Zoom with the lens on your iPhone and not with your fingers. To do this, open the Camera app and tap on the “2” or “3” floating over the scene, towards the bottom of the screen. The number will depend on your iPhone model. The “2” signifies a zoom lens that doubles the magnification. The “3” lens triples the magnification. This is an optical way to zoom, using lenses.
Why should you avoid zooming with your fingers? If you’re not sure what I mean, it is possible to zoom by tapping and holding on an iPhone screen with two fingers close together and then spreading them while still holding. The reason to avoid this is that you are creating a digitally-zoomed photo. You’ll end up with a poorer quality result.
Of course, if possible, you can always zoom with your feet! Just walk up closer to your subject.
Capture more interesting iPhone photos to print.
Experiment with the various settings that come with your iPhone camera. Here are two that can help create an artistic photo.
If you are shooting something that is moving, experiment with Live Mode. Hold your iPhone absolutely still while you shoot, because the camera will be shooting a three-second exposure. Then, in the Photos app on your iPhone, tap on the Live icon at the top left and choose Long Exposure from the drop-down menu. This is how I shot the waterfall below.
To keep the iPhone still enough, I propped it on a rock while I held it. A small tripod would have worked even better. It’s important to have parts of the photo in perfect focus without blur. That way, the blurred water stands out.
You can also make people disappear this way if they are moving quickly. That’s how I took the photo of Wat Phra Si Rattan Satsadaram in Bangkok without tourists in the photo. Two of them walked right through the scene while I took the photo.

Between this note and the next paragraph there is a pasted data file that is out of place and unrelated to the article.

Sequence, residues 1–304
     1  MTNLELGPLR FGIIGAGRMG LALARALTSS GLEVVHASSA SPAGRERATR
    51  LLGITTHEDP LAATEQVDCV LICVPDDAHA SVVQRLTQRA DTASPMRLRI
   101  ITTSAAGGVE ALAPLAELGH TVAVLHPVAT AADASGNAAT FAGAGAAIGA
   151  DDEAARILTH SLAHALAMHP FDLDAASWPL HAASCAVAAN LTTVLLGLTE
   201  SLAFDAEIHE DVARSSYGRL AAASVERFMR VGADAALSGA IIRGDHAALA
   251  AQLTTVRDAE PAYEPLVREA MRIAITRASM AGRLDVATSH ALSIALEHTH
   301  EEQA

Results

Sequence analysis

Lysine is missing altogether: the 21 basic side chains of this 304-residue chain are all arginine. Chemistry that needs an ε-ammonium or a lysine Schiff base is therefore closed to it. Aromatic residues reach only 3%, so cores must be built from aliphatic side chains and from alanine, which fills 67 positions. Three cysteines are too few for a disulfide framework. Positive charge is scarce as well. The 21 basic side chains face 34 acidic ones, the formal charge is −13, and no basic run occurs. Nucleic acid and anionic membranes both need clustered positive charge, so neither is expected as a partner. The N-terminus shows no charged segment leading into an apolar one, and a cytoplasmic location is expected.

Portrait Mode isn’t just for people! It takes photos with a very shallow depth of field. Even better, you can adjust the depth of field afterward in editing in the Photos app. Then, you can print your iPhone photo and people will think you took it with an expensive DSLR!
There are also different lighting effects you can apply to the photo. Try those out, too.
If you are emailing your photo to someone else to print, you may be given a choice of the size photo you want to send. Always choose Original Size. Otherwise, you’re sending a compressed photo that may not be printable.
Don’t be afraid to experiment when you print your iPhone photos.
If you own a Canon or Epson printer, you have the perfect setup for experimenting with printing. Be sure to buy photo paper from the same manufacturer. In other words, buy Canon paper for a Canon printer and Epson paper for an Epson. Avoid other papers. If it’s store-brand paper, like Office Depot, the colors will often be wrong. Both Canon and Epson offer different types of photo paper.
If you get excited about printing yourself, you may want to invest in a photo printer. I use the Canon Pixma Pro-100 and love the results. I can print up to 13 inches wide. For anything larger, I send the photo to Bay Photo.
Now it’s your turn:
Take some photos you’d like to print with your iPhone and challenge yourself to make some prints this week. You can also order prints online. Let me know how it goes in the comments!
If you’d like to learn more about shooting in Portrait Mode on your iPhone, check out this post.
To learn about shooting with Live Mode on your iPhone, check out this post.
To learn more about printing, you can buy Matt K’s Printing class. It’s full of valuable information about printing at home and is well worth the investment.